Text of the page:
“3) Regarding some (or all) of the controversial issues raised in this book, would you consider addressing them again from a different slant at some point in the future?”
EM: I’m not sure which of the issues you are seeing as controversial, but some of the issues that interested me here show up in my other books in different guises. I’m not sure about different “slant.” Let’s see: identity (how it’s defined, whether by the individual or by society), choice (who gets to make the choice, when, how), social justice/fairness, the inevitability of change (and the need to cope with it creatively), the connection of actions and consequences, other ethical and moral issues….all these show up in my other books with different situations, characters, and emphasis. And some of them have shown up again in the books I’m now working on.
Artdogspot writes: “For Elizabeth Moon –
I really enjoyed your book and the unique perspective you used to tell this story.”
EM: Thank you.
“Since this draws from some of your own personal experience, thank you for sharing part of this world with so many others. I did have a few questions for you.
1. The book is more about interactions experienced by perceived social outsiders than a sci-fi story – did this direction evolve as you wrote or was this a deliberate decision before you began writing?”
EM: Let me challenge your idea of what a science fiction story is: not saying you’re wrong, but I think you may be drawing a line I don’t quite agree with. A science fiction story, to me, has to be about both people and technology, and reveal how the one affects (or doesn’t) the other. It can be told either from the angle of digging into the science or tech–discovery, development–or from the angle of those whom the technology affects. Most people think of it as the former–with characters who are, perforce, the discoverers, the developers, or sometimes the users of the new knowledge or tech. But it’s equally effective as the latter–and that branch has been in SF almost from the beginning (think Theodore Sturgeon, for one.)
In this case, the medical advances that made prenatal and newborn interventions possible left the existing older autistics as a dying (going to be extinct) group–autism as had been known for centuries would cease to exist with their deaths. Then a second wave of medical advances suggested that they could be made extinct (in the diagnostic sense) right now. So they were faced with the results of the scientific “breakthrough”–it directly affected them, in much the same way that the development of the polio vaccine affected my generation. Suddenly those of us who got the vaccine before we got polio had no more polio to fear…and those people we knew who had gotten polio–who would spend the rest of their lives in an iron lung or another respirator, or who were permanently crippled–were living fossils. Of course the story is also about the perennial human dilemmas–identity, choice, justice–but the setting is the collision of the advance of science with individual lives.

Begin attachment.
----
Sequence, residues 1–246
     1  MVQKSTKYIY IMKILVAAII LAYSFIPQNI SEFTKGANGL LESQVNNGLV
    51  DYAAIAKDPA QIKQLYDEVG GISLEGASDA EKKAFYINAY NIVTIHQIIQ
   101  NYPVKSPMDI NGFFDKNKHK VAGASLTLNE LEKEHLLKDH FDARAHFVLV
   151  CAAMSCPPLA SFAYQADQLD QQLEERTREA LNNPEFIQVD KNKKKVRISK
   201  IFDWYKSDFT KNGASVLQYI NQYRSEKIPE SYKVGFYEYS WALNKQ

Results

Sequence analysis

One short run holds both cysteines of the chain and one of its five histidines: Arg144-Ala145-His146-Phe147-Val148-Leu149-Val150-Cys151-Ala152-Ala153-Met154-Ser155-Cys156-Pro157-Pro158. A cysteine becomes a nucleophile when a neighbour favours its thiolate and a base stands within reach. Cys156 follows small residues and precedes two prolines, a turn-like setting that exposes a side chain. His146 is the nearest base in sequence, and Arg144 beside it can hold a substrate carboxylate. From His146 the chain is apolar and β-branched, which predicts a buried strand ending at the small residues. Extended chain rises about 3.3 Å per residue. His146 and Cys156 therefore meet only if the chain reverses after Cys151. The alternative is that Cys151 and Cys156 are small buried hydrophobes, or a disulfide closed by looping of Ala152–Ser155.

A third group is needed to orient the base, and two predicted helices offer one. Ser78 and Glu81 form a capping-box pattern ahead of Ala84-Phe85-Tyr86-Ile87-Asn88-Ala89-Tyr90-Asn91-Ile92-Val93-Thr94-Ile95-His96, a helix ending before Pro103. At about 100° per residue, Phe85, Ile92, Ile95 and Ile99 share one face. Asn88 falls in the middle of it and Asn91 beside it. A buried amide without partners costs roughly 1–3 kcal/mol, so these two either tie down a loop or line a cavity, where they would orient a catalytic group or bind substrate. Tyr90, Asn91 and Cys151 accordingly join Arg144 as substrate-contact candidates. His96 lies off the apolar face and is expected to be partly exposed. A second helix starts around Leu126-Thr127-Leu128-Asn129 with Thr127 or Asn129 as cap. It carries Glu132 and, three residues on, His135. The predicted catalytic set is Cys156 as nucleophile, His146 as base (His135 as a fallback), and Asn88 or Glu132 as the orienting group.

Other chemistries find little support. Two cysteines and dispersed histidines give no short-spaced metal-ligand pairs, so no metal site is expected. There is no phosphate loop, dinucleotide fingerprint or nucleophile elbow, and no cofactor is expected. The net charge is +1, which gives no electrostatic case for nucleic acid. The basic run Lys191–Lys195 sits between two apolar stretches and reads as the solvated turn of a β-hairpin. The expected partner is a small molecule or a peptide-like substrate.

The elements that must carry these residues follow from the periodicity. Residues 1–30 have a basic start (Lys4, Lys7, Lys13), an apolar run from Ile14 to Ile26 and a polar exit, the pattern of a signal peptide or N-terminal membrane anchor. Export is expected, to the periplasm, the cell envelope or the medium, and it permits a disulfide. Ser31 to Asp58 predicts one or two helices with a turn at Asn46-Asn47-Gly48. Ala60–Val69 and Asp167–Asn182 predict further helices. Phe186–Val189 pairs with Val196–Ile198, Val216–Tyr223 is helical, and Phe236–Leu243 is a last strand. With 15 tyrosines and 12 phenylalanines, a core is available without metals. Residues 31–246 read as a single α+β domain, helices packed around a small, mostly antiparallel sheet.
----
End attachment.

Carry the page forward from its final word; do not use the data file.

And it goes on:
To that extent, I did intend the story to deal with both the science fictional aspect and the perennial human issues.
“And, how long did it take to write this?”
EM: That’s always hard to answer because for me the time spent mulling over ideas and doing research blends into and overlaps the time spent putting words into the computer. This book, in particular, had a long pre-writing stretch, and several false starts (I started it in the common narrative voice–third person, past tense, deep interior viewpoint, only to realize after a couple of chapters that I couldn’t do that with an autistic protagonist.) Writing in an unfamiliar form as well as a character mind-set so different from my own also required more time for the same number of words, to be sure I got it exactly right for Lou, not for me. So something over a year for the actual writing, and probably (?) two years altogether, the early part overlapping my work on the previous book.
“2. How difficult was it to make Lou’s character believable and to write the story from his point of view?”
EM: The hard part was staying in his point of view–it required a lot of focus during the writing sessions. I knew that if I captured his reality he would feel real, believable, to readers.